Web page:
Annual Liver Metastasis Research Network Meeting
June 10-11, 2013
This year's Annual Liver Metastasis Research Network Meeting took place June 10-11, 2013 at McGill University Health Centre, in the beautiful city of Montréal, Canada. Representatives of all members of the network and several new members were present. It became an enthusiastic, inspiring and productive meeting with an overview of the status of research projects in the different labs and several very lively and open round table discussions on the future of our network.
The network adopted a new mission statement: Multidisciplinary International Network with shared expertise, resources and projects to uncover the molecular mechanisms of cancer liver metastases for the benefit of patients.
AmorChem invests in a potential therapy for late-stage breast cancer
December 10, 2013
AmorChem gladly announces a new investment in a project focused on the work of Dr. Pnina Brodt, professor in the Departments of Surgery, Medicine and Oncology at McGill University and a researcher of the Cancer Axis at the Research Institute of the McGill University Health Centre (RI-MUHC). The project will be conducted in collaboration with the National Research Council of Canada (NRC) and builds on past collaborative efforts. [Read press release]
January 14, 2014
Dr. Brodt’s work centers on the use of the TRAP technology to inhibit the activity of the type I insulin-like growth factor receptor (IGF-1R), by preventing its binding to its natural ligands, IGF-1 and IGF-2.
The project will be conducted in collaboration with the National Research Council of Canada (NRC) and builds on past collaborative efforts.
Dr. Brodt has been a leader in identifying the important role of the IGF axis in cancer development, invasion and metastasis, and her team’s work in this field is internationally recognized. Her work has led to the development of several strategies for blocking the IGF axis including, most recently, the bio-engineering of a soluble IGF-Trap that is currently being developed as an anti-cancer drug candidate.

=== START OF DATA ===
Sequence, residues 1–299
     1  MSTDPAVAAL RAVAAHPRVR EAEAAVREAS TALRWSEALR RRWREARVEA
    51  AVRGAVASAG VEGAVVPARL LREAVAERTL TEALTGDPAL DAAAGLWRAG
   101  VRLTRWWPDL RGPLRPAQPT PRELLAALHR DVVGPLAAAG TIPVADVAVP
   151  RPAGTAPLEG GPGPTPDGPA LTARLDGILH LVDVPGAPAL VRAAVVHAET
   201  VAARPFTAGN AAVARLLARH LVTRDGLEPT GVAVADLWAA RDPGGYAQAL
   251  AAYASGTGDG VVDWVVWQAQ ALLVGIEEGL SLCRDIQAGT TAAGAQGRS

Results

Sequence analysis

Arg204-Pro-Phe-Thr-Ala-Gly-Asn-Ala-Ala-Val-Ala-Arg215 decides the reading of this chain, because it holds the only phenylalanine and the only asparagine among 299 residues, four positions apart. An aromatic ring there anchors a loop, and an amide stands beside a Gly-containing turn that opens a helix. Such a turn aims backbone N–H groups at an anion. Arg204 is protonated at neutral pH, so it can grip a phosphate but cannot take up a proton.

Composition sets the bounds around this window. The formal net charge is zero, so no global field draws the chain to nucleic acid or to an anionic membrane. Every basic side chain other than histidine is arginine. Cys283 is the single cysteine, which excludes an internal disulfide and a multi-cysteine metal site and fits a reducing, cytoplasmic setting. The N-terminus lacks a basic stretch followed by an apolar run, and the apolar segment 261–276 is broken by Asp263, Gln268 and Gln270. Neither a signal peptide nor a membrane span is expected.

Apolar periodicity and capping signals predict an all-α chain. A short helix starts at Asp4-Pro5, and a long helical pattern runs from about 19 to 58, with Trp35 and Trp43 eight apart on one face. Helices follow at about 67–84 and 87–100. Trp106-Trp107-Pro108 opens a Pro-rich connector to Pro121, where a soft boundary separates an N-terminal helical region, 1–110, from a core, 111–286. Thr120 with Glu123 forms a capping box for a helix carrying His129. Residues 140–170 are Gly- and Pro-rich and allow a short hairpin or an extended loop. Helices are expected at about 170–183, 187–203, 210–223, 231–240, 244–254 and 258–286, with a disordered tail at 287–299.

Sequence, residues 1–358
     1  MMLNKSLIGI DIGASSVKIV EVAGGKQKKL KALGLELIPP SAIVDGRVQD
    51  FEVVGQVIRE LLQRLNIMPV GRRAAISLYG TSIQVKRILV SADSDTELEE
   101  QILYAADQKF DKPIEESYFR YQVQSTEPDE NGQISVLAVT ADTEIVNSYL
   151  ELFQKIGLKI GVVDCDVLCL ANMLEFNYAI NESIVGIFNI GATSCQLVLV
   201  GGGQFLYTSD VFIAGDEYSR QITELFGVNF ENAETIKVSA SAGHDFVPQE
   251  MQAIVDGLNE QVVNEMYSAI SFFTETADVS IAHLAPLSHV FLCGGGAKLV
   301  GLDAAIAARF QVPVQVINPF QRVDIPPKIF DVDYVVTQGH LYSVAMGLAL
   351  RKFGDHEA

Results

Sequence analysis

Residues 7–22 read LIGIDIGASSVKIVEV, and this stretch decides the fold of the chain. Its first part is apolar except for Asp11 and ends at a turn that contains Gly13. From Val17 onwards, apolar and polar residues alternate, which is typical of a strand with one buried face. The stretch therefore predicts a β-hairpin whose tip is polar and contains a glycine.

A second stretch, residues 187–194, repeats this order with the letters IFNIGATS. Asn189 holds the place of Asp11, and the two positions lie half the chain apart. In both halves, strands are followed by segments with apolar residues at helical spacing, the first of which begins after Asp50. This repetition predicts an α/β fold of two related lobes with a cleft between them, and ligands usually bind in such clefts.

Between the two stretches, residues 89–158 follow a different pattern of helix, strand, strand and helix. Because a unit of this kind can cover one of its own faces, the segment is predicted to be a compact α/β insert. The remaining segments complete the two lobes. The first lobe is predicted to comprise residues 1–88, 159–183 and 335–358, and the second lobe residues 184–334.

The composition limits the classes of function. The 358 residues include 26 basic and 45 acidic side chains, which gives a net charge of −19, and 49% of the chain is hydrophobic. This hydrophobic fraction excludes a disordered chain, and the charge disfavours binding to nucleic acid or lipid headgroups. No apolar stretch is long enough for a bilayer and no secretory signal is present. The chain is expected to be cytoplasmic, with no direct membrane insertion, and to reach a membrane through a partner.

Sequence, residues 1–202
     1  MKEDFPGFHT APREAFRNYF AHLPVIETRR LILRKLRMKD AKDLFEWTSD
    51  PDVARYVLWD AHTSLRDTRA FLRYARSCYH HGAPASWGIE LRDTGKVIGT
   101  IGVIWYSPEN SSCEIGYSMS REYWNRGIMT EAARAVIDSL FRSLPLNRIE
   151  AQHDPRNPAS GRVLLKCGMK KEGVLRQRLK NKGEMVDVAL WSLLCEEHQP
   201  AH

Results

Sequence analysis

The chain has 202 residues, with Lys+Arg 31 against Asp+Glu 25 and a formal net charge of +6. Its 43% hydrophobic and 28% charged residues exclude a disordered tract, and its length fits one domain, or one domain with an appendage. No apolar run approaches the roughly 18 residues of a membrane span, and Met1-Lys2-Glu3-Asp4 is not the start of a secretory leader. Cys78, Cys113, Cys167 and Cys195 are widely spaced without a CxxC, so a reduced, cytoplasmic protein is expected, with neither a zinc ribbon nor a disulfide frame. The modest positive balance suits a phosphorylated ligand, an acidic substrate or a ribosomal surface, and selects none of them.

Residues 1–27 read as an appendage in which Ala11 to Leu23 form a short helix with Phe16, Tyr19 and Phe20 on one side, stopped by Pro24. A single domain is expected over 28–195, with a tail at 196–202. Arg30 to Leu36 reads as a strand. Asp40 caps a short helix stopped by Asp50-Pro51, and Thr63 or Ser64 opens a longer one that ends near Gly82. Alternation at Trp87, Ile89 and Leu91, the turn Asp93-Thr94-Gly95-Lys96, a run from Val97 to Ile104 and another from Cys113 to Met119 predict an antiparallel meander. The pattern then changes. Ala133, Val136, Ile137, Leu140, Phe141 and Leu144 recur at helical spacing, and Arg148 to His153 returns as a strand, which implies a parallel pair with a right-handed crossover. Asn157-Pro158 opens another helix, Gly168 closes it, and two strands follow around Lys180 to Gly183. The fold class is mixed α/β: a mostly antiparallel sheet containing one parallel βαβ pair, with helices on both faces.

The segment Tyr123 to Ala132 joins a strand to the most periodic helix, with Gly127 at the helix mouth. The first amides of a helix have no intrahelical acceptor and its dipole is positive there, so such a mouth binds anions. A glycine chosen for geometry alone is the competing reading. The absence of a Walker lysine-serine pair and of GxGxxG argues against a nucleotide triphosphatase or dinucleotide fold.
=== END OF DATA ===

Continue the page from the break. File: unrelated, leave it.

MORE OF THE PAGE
Design of the IGF-Trap was refined through collaborative work with NRC, whose protein engineering and production expertise delivered through its biologics program will continue to play an important role in the project.
“Type I insulin-like growth factor receptor (IGF-1R) is recognized today as a validated anti-cancer target, but no satisfactory targeting agent has been developed to date,” says Elizabeth Douville, general partner at AmorChem. “Dr. Brodt’s technology will have clear advantages over existing strategies because it targets the ligands of the IGF-1R without binding insulin. Moreover, Dr. Brodt has generated very compelling data in animal models of lung, colon and breast cancer.”
The IGFs are involved in mammalian growth and development. IGF-1 is essential for many of the growth promoting effects of growth hormone and is involved in the development of normal breast tissue. IGF-1 has been implicated in breast carcinogenesis and was shown to be both anti-apoptotic and pro-mitogenic. It is expected that a decoy receptor (the IGF-Trap) would greatly impact the levels of bio available IGF-1 and IGF-2 at tumour sites, thereby blocking the ir proliferative/anti-apoptotic effects on the cancer cells. [Source: Biotechnology Focus]